The second seeming misinterpretation of “Blurred Lines” lies in the probability that most of those who’ve condemned the song are white. I can hear it now, “Well, Robin is a blue-eyed, white man, too.” Yeah, well, truthfully, I think he’s just a very light-skinned black man. :) He’s got a greater understanding of black culture than about 99.5% of whites in this country. That is partially because, for whatever reason, black culture attracted him. If I remember correctly, it was his mother, soap actress Gloria Loring, who fostered his love of Motown, Philly International, Stax and Atlantic’s R&B catalog while his father, actor Alan Thicke, fostered his knowledge of rock. Now, add to that the fact that he fell in love with a black girl, now his wife, actress Paula Patton, when they were both in their teens, thereby making him an honorary black man. I don’t mean that as a joke or as something another person, be they black or white, would be pleased about.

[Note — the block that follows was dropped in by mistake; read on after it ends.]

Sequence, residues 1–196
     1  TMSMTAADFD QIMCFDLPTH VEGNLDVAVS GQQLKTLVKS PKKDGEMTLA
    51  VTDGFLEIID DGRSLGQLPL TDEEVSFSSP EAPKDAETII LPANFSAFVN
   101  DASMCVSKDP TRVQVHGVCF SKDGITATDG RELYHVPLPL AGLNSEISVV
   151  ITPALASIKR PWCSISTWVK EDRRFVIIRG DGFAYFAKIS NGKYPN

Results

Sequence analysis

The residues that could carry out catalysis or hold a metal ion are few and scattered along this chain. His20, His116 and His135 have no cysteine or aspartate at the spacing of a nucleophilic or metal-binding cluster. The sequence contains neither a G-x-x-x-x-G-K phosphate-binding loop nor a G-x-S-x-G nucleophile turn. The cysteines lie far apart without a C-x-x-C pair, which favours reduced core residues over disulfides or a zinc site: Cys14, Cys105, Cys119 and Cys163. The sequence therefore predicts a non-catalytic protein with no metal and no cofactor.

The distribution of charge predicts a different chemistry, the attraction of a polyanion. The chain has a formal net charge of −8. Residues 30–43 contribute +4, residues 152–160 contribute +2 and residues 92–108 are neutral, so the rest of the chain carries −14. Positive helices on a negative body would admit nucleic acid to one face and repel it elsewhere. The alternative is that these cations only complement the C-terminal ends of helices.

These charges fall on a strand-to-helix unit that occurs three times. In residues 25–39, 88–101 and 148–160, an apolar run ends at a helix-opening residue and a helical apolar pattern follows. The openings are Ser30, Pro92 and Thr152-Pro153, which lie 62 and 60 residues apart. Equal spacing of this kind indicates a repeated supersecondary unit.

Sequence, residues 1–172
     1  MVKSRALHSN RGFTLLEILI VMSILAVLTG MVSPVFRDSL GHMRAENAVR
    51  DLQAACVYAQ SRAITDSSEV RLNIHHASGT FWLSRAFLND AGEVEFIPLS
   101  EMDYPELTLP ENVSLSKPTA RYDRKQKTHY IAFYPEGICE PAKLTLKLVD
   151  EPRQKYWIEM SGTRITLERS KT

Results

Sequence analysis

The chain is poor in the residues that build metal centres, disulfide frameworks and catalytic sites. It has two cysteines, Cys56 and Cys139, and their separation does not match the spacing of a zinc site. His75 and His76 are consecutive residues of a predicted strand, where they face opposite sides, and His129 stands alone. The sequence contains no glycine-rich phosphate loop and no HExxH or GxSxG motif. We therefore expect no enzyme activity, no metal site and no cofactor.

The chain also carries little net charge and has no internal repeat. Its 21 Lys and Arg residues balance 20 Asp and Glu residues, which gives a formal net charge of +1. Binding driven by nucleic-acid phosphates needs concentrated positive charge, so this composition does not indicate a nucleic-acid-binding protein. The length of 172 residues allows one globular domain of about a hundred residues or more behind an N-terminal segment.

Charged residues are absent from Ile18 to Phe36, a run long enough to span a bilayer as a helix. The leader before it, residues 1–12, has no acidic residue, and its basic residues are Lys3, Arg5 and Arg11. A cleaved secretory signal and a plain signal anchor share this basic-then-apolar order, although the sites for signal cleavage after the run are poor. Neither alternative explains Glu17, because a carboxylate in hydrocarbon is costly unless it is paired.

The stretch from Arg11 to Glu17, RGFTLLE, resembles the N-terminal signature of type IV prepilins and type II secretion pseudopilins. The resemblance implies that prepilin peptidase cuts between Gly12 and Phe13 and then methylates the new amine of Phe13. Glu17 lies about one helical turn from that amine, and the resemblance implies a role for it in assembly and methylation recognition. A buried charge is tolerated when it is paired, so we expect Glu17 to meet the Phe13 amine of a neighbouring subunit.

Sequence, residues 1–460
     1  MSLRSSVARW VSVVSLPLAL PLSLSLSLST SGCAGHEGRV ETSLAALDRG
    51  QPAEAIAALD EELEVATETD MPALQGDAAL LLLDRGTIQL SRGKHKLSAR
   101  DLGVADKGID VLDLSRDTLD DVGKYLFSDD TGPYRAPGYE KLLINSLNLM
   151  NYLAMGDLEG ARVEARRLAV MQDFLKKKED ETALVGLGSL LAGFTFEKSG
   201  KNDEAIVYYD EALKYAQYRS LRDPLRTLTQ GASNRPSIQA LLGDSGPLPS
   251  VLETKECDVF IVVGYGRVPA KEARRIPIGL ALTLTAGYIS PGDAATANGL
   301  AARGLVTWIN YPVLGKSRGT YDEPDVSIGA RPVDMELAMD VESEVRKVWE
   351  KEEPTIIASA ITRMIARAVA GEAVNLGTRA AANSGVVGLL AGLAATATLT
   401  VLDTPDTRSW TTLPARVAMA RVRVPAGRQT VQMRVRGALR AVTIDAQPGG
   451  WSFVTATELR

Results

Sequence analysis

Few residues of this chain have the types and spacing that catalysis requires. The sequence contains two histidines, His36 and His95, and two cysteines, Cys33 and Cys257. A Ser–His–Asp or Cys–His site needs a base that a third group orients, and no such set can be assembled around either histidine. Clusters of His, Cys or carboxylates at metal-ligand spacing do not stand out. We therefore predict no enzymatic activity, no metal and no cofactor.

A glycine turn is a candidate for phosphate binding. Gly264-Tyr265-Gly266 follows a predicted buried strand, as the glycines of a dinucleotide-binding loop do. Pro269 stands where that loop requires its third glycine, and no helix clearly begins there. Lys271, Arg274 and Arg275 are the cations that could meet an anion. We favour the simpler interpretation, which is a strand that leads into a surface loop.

Personal experience has taught me that black men with white women have a more difficult time with attitudes of family, “friends” and colleagues than white men with black women. However, that doesn’t mean there’s smooth sailing for either of them. In this instance, Thicke had to see the pain inflicted on the love of his life just because of the color of her skin and has written songs about how it makes him feel. The first was in the track “Dreamworld” from his 2008 LP Something Else and then on his 2011 LP Love After War with the track “I Don’t Know How It Feels To Be You.” Although Patton is biracial, she identifies as a black woman. That is also how the rest of the world sees her. It doesn’t matter that her mother is white. Patton’s skin color is a lovely café au lait. In addition, since giving birth to her son, Julian, a couple of years ago, her body reflects more of her black heritage than it did before. Personally, I’m not complaining about that one bit! In fact, I’m thanking the good Lord for deciding to play up those genes, but I digress.